Part 2: Stifle Ungodly Presumptions
The worldly excess and spiritual shallowness of prosperity preachers and charismatic faith healers are easy to spot. It’s a man-made, man-centered theology powered by extreme greed—one that encourages followers to make outrageous demands for prosperity and personal gain, reducing Almighty God to little more than a vending machine.
Watching on television, it looks spiritually foreign and wicked, because it is.
But are we as quick to spot the same trends cropping up in our own prayer lives? Do we even notice when our prayers become more and more like shopping lists that show little care or concern for God’s glory or His will? Or are we forgetting the model of prayer Christ gave His disciples and instead reflecting this era of self-focused, subjective, felt-needs-oriented religion?
Today multitudes think of prayer as nothing more than a way to get whatever they want from God. Prayer is reduced to a superstitious means of gain—and some will tell you that God is obligated to deliver the goods. Religious television is full of charlatans who insist that God must grant whatever you ask for if you can muster enough “faith” and refuse to entertain any “doubt.” Faith in their lexicon is a kind of blind credulity, usually bolstered by some kind of “positive confession.” Doubt, as they might describe it, is any qualm—even if it’s rational and biblical—about whether the thing you desire is in accord with the will of God. Those, of course, are not biblical definitions of faith and doubt. Nor can anyone’s prayer legitimately be called a “prayer offered in faith” (James 5:15) if it is contrary to the will of God.
Charismatics are not the only ones who see prayer as nothing more than a kind of utilitarian wish list. Plenty of mainstream evangelicals and old-style fundamentalists seem confused about the purpose of prayer, too. John R. Rice, an influential fundamentalist pastor, wrote a best-selling book in 1942 titled Prayer—Asking and Receiving. He wrote, “Prayer is not praise, adoration, meditation, humiliation nor confession, but asking. . . . Praise is not prayer, and prayer is not praise. Prayer is asking. . . . Adoration is not prayer, and prayer is not adoration. Prayer is always asking. It is not anything else but asking.”[i]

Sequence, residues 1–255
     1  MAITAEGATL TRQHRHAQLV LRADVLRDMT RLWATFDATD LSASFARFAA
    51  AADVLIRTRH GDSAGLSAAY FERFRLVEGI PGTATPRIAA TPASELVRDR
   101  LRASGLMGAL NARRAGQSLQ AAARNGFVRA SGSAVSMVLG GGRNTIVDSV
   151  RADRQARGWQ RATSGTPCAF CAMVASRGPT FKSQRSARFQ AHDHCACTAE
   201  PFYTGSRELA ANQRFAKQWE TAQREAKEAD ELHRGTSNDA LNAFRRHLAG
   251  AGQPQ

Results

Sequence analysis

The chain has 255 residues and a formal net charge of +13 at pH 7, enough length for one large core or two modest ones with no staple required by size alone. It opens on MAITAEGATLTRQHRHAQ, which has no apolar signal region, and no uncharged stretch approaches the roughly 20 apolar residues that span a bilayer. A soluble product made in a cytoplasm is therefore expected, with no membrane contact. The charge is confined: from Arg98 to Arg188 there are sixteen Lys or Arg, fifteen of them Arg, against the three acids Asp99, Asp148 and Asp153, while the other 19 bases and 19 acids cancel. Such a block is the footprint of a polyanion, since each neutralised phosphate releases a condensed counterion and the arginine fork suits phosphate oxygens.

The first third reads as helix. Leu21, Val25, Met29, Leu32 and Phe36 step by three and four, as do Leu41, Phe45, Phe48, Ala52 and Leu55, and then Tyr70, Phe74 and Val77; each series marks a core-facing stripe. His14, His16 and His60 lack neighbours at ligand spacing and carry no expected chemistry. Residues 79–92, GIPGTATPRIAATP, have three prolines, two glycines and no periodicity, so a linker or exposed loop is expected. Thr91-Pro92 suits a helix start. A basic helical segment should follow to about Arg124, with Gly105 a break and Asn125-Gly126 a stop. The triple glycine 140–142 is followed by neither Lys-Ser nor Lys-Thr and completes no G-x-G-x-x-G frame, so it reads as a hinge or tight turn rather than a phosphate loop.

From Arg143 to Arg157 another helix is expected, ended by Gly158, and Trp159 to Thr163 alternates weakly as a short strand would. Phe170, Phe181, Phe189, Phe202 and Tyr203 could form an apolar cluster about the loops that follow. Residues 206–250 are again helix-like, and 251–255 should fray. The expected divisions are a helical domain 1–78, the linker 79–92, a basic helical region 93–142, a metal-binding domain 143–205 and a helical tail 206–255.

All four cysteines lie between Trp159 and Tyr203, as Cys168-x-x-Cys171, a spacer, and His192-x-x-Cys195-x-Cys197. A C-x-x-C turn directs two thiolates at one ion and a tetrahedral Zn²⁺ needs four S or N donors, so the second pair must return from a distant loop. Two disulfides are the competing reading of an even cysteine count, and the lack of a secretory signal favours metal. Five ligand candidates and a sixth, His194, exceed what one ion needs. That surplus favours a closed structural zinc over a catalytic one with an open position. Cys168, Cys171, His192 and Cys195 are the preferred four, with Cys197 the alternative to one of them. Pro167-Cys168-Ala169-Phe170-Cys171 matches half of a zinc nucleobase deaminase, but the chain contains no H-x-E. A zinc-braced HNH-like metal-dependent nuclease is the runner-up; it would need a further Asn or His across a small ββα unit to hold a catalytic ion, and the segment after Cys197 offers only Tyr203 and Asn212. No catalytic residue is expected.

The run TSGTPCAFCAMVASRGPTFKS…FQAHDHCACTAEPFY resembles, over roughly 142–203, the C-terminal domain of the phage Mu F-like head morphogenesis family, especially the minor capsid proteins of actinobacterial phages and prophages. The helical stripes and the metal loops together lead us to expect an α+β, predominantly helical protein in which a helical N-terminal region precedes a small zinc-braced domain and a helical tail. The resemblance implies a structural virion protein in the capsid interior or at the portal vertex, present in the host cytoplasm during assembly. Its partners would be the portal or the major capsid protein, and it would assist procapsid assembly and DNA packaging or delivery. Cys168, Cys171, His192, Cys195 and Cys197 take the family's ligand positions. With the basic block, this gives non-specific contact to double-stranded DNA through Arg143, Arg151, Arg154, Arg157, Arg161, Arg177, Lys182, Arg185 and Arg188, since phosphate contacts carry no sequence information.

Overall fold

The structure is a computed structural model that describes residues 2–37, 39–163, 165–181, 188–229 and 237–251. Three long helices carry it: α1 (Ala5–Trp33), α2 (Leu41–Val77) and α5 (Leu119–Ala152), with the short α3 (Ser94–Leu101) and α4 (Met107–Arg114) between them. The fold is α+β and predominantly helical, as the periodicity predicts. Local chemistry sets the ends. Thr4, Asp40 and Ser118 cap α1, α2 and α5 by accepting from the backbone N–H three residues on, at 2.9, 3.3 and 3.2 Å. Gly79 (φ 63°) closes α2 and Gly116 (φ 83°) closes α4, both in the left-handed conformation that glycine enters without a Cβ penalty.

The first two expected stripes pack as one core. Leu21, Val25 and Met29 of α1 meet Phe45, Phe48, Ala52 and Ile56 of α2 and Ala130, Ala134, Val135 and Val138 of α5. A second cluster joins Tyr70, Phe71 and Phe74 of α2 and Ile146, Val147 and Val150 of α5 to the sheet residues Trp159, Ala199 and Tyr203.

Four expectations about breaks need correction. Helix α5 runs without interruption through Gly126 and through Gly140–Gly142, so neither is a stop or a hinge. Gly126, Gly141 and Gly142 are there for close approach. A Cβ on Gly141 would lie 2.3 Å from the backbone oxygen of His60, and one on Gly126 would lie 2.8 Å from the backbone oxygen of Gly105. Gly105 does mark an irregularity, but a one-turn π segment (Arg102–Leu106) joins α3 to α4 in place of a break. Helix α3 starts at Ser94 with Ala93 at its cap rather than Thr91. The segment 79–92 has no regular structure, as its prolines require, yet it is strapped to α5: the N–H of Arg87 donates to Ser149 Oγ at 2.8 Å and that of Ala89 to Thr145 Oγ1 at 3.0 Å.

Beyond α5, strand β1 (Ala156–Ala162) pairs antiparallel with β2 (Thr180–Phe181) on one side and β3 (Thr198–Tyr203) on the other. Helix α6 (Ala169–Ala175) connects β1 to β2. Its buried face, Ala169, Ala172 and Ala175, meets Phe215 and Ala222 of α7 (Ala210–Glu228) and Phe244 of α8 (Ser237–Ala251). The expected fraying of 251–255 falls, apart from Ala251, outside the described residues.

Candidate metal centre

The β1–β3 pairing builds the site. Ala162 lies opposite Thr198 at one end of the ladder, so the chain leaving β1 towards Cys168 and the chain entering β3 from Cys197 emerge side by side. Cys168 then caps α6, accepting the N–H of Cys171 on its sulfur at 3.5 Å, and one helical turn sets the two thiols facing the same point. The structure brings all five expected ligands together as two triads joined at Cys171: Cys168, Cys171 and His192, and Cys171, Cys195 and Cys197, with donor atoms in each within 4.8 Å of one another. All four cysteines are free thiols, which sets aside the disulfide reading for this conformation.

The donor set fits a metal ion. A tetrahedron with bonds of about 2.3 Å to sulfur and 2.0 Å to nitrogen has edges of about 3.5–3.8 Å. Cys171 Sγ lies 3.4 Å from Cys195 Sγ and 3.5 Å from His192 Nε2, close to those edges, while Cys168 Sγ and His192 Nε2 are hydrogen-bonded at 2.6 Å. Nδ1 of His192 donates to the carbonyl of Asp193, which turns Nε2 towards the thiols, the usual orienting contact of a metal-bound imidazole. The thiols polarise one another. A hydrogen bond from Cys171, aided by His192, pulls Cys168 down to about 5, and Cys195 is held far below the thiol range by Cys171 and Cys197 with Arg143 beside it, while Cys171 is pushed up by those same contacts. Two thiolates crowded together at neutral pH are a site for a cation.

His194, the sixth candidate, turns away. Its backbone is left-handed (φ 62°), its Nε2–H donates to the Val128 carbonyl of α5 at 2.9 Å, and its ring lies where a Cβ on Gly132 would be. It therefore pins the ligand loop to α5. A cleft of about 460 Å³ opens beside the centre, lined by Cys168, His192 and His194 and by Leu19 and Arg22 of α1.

There are several problems with that perspective. First, Jesus’ model prayer is more than merely “asking.” It does include that; there are petitions for daily bread (the barest of material needs) and forgiveness (the most urgent of spiritual needs). But the model prayer Jesus gave His disciples also includes at least four of the five elements Dr. Rice wanted to eliminate from his definition of prayer: praise, adoration, humiliation, and confession.
Remove praise and penitence from the Lord’s Prayer and you have gutted it. Insist that proper prayer “is not anything else but asking” and you overthrow one of the central lessons we learn from Jesus’ example: that prayer is first and foremost an act of worship. Even worse, such teaching sets up a kind of role reversal between the one praying and the God to whom he prays.
The Bible teaches that God is sovereign and we are His slaves. Name-it-and-claim-it theology teaches that man is sovereign and God is his servant. The person praying thinks he is in the demand-and-command position, with God in the role of the servant who is obligated to cough up whatever we ask for. As I’ve pointed out elsewhere, that has more in common with pagan cargo cults than with biblical Christianity.
Prayer is much more than merely asking and receiving. It is indeed a great privilege to come boldly before the throne of grace and to let our requests be made known to God (Hebrews 4:16; Philippians 4:6). Scripture repeatedly promises that if we ask for anything in faith, God will answer—meaning if we ask in accord with God’s will as prompted by His Spirit, He will always graciously and generously respond (Matthew 7:7-11; 17:20; 21:22; Mark 11:24; James 1:6; 1 John 3:22). He often grants our requests “exceeding abundantly above all that we ask or think” (Ephesians 3:20, KJV).